Jul 3 11

Risks in Rio

by Emily Benjamin

Rio was big on my list. I was so excited to see the harbour, Sugar Loaf, Christ the Redeemer, and see if I could capture some of the colourful city in the nine days we were there. But as soon as we arrived at our B&B in Ipanema, our host spotted my camera bag and suggested I leave it at home. What? Leave my camera here? What would be the point of that?? Not getting it stolen apparently – even in broad daylight, on a weekday, at the Botanic Gardens. I’d read Rio was bad, but I was surprised.

We later realised that Ipanema was tame compared to where we stayed next, in Lapa. We met a couple that had been mugged just two days earlier and had their money, camera and even their Lonely Planet stolen. In daylight, in Lapa. So we now had to be even more cautious. But if you go straight to the tourist spots, by cab, you’re apparently safer. It’s walking around that will get you. On the third day, the weather had cleared and we were off to see Christo Redentor atop Corcovado… along with ever other tourist and caroica in Rio. We didn’t realise our visit coincided with Corpus Christi, and were met with huge delays and lines to get to the top. Eventually we made it JUST in time for sunset, and slowly wedged ourselves between hundreds of others to get views before the light faded. All the while squeezing my camera bag around me, of course.

The view itself was pretty amazing. I do wish we’d been in one of the helicopters buzzing around, because there were certainly way too many people visiting that day. I now consider myself an expert of people management at touristic sights, because I’ve seen a few. Angkor Wat, Alhambra, Stonehenge and Petra are all very well managed – restrictions on numbers or even having enough space to cope for people is a big part of it. Some of the sights in Barcelona, and certainly Corcovado here in Brazil, however, require a bit of re-thinking. But that won’t happen, because the private drivers that charge a little more than average to whisk you up the mountain will lose their business, and I don’t think any Brazilian will take that lying down. Unless they’re already lying down atop Corcovado to take a photo, like the 20+ people we saw doing it that afternoon, being trod on by everyone else.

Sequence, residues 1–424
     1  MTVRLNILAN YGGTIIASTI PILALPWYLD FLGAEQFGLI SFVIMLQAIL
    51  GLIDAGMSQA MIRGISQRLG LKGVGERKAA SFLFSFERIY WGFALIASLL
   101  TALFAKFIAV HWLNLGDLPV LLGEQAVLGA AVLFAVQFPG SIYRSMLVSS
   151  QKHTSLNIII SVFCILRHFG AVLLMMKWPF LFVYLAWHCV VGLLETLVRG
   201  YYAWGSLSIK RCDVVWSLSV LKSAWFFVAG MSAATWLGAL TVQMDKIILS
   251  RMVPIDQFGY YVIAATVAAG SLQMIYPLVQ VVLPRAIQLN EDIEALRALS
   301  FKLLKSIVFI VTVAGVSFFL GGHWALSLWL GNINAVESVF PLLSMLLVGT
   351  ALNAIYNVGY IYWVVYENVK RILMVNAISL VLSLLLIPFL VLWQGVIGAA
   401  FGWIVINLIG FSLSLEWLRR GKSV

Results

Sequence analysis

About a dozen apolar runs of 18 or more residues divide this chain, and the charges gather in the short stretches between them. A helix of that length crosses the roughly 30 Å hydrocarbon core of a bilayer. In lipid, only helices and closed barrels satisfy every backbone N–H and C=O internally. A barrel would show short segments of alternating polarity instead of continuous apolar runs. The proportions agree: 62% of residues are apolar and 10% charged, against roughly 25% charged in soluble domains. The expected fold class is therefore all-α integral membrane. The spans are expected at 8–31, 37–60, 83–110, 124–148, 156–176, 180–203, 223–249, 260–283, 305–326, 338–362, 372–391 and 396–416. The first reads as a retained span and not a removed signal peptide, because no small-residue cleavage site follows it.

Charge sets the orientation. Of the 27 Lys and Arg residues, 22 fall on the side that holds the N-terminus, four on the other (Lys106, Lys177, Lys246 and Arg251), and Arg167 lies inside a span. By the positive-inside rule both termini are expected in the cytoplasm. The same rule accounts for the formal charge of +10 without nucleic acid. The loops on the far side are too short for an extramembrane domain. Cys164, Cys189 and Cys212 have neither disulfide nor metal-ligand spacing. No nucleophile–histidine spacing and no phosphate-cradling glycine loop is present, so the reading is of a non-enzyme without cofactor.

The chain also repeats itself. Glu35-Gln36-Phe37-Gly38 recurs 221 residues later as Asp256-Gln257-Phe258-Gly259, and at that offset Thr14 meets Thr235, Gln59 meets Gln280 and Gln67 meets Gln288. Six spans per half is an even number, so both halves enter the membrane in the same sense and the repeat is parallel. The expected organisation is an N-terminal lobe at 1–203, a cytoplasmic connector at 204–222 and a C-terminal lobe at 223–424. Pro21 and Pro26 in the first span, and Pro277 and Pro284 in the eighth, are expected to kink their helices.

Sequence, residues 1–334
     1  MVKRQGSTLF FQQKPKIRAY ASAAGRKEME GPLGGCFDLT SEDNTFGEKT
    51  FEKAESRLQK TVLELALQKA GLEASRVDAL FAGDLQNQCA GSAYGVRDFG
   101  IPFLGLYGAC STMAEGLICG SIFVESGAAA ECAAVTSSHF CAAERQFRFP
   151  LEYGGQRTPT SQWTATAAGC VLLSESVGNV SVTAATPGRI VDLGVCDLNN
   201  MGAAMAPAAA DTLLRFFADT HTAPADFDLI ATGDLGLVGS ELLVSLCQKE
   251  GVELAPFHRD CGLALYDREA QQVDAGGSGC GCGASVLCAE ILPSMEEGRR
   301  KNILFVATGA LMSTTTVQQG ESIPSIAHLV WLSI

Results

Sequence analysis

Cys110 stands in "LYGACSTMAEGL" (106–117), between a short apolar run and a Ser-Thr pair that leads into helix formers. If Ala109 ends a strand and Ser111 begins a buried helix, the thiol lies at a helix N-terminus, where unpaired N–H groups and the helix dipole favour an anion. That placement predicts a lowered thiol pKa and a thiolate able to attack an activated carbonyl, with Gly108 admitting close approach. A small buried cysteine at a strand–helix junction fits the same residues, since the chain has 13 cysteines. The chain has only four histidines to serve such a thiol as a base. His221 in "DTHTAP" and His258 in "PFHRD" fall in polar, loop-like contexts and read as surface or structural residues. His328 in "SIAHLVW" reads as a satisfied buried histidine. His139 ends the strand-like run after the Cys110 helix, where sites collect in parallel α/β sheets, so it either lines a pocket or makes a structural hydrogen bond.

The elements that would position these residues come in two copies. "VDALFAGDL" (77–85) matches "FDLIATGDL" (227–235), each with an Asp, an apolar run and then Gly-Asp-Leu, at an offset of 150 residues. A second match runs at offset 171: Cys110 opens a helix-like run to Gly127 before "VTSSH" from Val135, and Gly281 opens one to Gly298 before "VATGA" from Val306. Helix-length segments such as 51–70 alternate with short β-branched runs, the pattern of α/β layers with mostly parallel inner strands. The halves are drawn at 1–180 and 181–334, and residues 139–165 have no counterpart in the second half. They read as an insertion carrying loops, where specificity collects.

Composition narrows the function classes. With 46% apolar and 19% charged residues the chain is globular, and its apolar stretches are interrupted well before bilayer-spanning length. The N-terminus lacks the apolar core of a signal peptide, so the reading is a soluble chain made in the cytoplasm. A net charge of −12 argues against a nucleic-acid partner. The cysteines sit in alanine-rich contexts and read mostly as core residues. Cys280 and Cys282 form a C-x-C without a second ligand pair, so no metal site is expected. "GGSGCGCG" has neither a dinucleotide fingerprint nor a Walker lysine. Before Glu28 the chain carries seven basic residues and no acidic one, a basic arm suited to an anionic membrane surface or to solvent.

The other big sight we were looking forward to was Sugar Loaf Mountain. Or as a young French girl might say, Sweet Bread Mountain – her translation from Pane Sucre. Sugar Loaf did not disappoint – a prime position in the bay, it has 360degree views of Rio de Janeiro but without the hoards of tourists at Corcovado. And the view is just as spectacular, if not more so. Sticking with my theory that certain sights are better from below or afar (the list includes Eiffel Tower, waterfalls and lighthouses to date) the view of Christ the Redeemer from Sugar loaf is potentially better than vice versa. Sugar Loaf isn’t as high, but the view is still great. And maybe the most important advantage of Sugar Loaf over Corcovado? Monkeys!

We explored Lapa a bit more in the next few days, but also caught up on some reading and resting. Oh, and eating of meat. I have loved the return to red meat here in Brazil, after the cold cured meats of Spain. Here you can get every meat, on huge skewers, just lightly rubbed in salt and then BBQ’ed. Absolutely delicious, and even better once we found a restaurant that prices meals by the weight. One night we paid R$120 for dinner, the next we had the same meal but for R$25. Bargain!

Overall, Rio wasn’t the party paradise I expected it to be. But feeling unsafe is certainly not an aphrodisiac for a country. Being the photo-nut that I am, I was too scared to head out with my camera, for fear of losing it. It’s insured, and we’re covered for theft and mugging, but it would be a huge inconvenience to have my camera taken, right before Machu Picchu. A day at the police station to lodge the paperwork, days to sort it with insurers back in Australia, and no real certainty over getting a replacement – not much fun. So I went the cautious route, and as such I have the same tourist-y photos as most people. Maybe next time in Rio, I’ll learn enough Portuguese to tell potential muggers where to stick it if they try to get me.

Now we’re out of Brazil and in Chile, getting ready to board a plane to Easter Island! And if it’s as good as they say it is, I’m extra glad my camera wasn’t stolen :)

RioMontage4

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